Going by the World Bank Report released on Tuesday, India has made an improvement in its key international gateways in the past two years. While the overall Logistics Performance Index (LPI) score of India was 3.07 in 2014, it improved to 2.42 this year on a scale of 5. Altogether, there were 160 participant countries and India ranked 35, an improvement from 54th position last year. Germany bagged the first position while Syria was the last. In the past six years, the countries bagging the top 10 positions have remained consistent. Belgium, Austria, United Kingdom, Hong Kong and the United States have a position in the top 10 while Japan is 11th.
What is LPI?
It is a ranking which the World Bank has been preparing every 2 years since 2007. There are six parameters of performance based on which the participants are ranked. These include efficiency of customs and border management clearance, quality of trade and transport infrastructure, ease of arranging competitively priced shipments, competence and quality of logistics services, ability to track and trace consignments, and the frequency with which shipments reach consignees within scheduled or expected delivery times.
These LPI indicators are categorized into two groups of areas for policy regulation. The first is main inputs to the supply chain (customs, infrastructure and services) and the second one is the outcome of supply chain performance.
About 1,051 logistics industry professionals give their responses in the survey.
There is also another index called internal LPI which measures the ease of movement of goods to the hinterland. Four factors are included – infrastructure, services, border procedures and supply chain reliability.
Efficient logistics is imperative to connect people and firms to markets and opportunities, thus making an impact on a country’s economic growth and competitiveness.
India’s rank in comparison to other countries:
The report titled Connecting to Compete: 2016 Trade Logistics in the Global Economy, states that India’s international chain efficiency was at 75 % of top-ranked Germany. In 2014, India had 66% efficiency when compared to the country which topped the list, that is, Germany. This makes India ahead of comparatively advanced economies of the world like Portugal and New Zealand.
India is lower than China (27), but surpasses some other BRICS members and several upper-middle income countries like Brazil (55), Indonesia (63) and Russia (99). In fact, the report said that India over performed its income group, which is a good news.
Reasons behind the jump in position:
According to Arvind Mahajan, partner and national head (energy, infrastructure and government) at KPMG India, factors responsible for the improvement in India’s position in the LPI include improvements in infrastructure, emergence of skilled professionals, and technological improvements like track-and-tracing which bridged the gap that existed between the leaders of the game. Ease in documentation and reduction in the coverage of Risk Mangement System from 100 % to 30% were factors.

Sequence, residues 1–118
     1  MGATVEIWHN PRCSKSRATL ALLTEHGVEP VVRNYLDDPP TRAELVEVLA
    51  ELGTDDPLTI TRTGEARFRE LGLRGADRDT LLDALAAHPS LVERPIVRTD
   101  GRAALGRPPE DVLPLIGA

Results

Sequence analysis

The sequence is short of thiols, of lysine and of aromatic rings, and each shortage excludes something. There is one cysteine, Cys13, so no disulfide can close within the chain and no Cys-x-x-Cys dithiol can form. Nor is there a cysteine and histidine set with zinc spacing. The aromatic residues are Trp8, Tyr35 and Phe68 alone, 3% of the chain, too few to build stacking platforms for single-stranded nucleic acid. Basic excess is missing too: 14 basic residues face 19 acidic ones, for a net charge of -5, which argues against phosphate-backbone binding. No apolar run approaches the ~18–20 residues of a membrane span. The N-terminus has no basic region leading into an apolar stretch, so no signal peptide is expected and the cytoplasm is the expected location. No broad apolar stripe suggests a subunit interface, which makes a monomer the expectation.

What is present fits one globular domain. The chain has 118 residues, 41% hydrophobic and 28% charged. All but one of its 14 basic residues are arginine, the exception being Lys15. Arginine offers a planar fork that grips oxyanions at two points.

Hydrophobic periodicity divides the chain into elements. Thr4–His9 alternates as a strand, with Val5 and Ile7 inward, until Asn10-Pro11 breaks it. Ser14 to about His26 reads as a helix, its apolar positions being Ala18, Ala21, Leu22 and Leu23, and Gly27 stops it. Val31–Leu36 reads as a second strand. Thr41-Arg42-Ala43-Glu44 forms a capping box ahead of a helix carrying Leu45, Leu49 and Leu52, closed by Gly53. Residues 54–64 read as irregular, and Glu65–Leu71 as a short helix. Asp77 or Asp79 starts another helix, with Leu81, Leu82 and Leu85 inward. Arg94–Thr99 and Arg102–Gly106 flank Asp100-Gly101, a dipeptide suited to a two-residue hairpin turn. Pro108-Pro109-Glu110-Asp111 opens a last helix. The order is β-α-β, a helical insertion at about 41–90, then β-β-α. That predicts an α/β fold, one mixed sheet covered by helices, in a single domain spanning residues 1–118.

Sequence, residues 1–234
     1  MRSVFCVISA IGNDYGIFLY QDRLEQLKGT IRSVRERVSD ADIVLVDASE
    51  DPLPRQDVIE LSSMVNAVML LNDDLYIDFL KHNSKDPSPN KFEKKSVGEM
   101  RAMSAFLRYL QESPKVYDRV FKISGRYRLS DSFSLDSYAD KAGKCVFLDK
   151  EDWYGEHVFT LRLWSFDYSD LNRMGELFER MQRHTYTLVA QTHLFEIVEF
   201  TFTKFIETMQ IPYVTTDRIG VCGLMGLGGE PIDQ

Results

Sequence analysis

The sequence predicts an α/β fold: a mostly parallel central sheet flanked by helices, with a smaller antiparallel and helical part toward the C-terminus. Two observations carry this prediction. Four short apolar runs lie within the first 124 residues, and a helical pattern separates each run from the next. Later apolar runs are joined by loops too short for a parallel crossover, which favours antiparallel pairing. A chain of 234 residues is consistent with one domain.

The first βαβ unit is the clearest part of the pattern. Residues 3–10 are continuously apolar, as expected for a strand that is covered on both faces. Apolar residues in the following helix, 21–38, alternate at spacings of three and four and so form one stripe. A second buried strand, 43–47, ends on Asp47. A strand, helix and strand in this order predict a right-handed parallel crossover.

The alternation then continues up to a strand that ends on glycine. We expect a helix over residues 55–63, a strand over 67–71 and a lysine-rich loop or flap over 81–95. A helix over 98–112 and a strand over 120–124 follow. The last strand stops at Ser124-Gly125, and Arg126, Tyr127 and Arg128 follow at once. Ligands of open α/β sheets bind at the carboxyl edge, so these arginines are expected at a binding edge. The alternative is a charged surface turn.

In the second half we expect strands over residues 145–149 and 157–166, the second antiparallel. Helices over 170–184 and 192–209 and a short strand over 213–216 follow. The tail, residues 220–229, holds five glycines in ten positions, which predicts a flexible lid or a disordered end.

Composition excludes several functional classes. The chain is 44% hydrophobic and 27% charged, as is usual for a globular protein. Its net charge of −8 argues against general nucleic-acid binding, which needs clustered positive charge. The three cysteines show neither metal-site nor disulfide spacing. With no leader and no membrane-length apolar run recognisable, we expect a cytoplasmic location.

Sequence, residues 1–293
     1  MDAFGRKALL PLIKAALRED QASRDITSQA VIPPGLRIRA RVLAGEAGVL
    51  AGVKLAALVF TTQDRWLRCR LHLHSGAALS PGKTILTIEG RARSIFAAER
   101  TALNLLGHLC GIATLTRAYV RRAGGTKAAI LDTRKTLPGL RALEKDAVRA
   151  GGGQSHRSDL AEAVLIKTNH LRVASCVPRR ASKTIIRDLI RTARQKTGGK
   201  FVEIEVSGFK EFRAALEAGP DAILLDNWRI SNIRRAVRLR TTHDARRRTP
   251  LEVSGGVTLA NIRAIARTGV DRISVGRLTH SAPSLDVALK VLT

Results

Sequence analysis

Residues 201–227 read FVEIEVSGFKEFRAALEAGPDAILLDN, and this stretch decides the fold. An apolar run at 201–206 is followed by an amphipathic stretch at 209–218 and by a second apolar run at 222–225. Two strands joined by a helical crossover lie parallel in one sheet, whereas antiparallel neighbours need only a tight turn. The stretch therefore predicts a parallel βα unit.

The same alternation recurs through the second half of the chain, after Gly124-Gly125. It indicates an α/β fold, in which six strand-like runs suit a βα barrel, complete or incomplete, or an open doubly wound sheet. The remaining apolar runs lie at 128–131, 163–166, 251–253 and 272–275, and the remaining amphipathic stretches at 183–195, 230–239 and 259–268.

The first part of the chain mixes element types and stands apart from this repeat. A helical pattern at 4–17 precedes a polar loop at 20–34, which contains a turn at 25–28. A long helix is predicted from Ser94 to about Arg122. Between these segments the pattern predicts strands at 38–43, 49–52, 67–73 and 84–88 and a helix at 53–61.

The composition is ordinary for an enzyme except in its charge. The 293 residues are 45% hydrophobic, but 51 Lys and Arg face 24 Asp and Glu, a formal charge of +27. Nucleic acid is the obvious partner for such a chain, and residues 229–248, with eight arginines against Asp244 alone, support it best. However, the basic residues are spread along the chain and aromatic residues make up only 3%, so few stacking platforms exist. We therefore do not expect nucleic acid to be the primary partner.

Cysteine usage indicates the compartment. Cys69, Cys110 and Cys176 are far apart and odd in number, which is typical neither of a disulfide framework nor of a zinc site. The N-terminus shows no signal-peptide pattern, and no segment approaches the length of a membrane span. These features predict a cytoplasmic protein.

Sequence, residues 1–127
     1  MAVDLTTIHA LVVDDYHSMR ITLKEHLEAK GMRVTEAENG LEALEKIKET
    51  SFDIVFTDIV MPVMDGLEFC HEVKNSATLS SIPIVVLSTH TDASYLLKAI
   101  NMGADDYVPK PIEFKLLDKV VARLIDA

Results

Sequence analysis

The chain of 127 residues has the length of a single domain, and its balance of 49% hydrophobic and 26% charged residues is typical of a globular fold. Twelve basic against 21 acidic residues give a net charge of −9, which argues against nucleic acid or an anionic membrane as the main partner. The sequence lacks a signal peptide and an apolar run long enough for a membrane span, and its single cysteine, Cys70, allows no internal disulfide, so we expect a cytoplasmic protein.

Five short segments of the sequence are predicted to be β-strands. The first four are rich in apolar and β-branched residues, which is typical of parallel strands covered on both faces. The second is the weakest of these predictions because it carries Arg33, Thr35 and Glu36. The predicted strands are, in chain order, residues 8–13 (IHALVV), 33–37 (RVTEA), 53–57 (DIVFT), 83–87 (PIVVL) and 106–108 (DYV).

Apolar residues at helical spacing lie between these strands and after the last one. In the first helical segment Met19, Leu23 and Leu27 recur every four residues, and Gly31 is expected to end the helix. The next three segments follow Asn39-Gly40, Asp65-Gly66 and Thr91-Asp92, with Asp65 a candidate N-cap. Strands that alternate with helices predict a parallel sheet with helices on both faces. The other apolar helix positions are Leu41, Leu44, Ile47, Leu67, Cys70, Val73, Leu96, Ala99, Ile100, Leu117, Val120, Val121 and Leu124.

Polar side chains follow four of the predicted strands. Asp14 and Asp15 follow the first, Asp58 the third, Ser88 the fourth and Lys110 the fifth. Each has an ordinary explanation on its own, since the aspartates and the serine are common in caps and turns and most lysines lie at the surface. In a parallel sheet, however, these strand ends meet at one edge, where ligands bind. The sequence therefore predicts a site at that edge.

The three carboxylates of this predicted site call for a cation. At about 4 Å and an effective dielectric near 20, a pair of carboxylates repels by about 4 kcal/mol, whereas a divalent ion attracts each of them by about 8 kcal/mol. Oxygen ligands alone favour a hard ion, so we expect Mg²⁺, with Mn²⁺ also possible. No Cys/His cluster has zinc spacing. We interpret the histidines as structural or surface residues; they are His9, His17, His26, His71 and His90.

In return, programmers such as Make in India will be boosted by enhancing India’s participation in the world supply chain, thus increasing trade. Keeping in view India’s shrinkage in foreign trade by around 15 % in 2015-16, this step will be instrumental in boosting India’s foreign trade.
Areas where India can improve:
While 72% of China’s shipments meet the quality criteria and 77% of Korea, for India it is 69%. To clear shipments without inspection, India takes two days and three days with inspection. This is comparable to China but lags behind Germany.
Additionally, if the inter-state checking of documents is scrapped, the time taken to move from one state to another will be drastically reduced. “It will also help boost the returns of the trucking industry and feed into better performance of the logistics sector”, as stated by Uday Palsule, former managing director of Spear Logistics Pvt. Ltd.
Other observations of the report:
Logistics movement between neighbouring countries is impacted by lack of regional integration. Thus, good performance in India does not contribute to the improvement of the neighbours. Similarly, despite the income levels of countries in North Africa and West Asia they are not reflected in logistical movements.
Landlocked, small island countries or countries ridden with recent conflicts are the worst performers. There has been an improvement in the performance of Rwanda and Uganda, thus indicating that landlocked countries are no longer automatically disadvantaged. Improvement in trade corridors can be achieved by regionally coordinated efforts.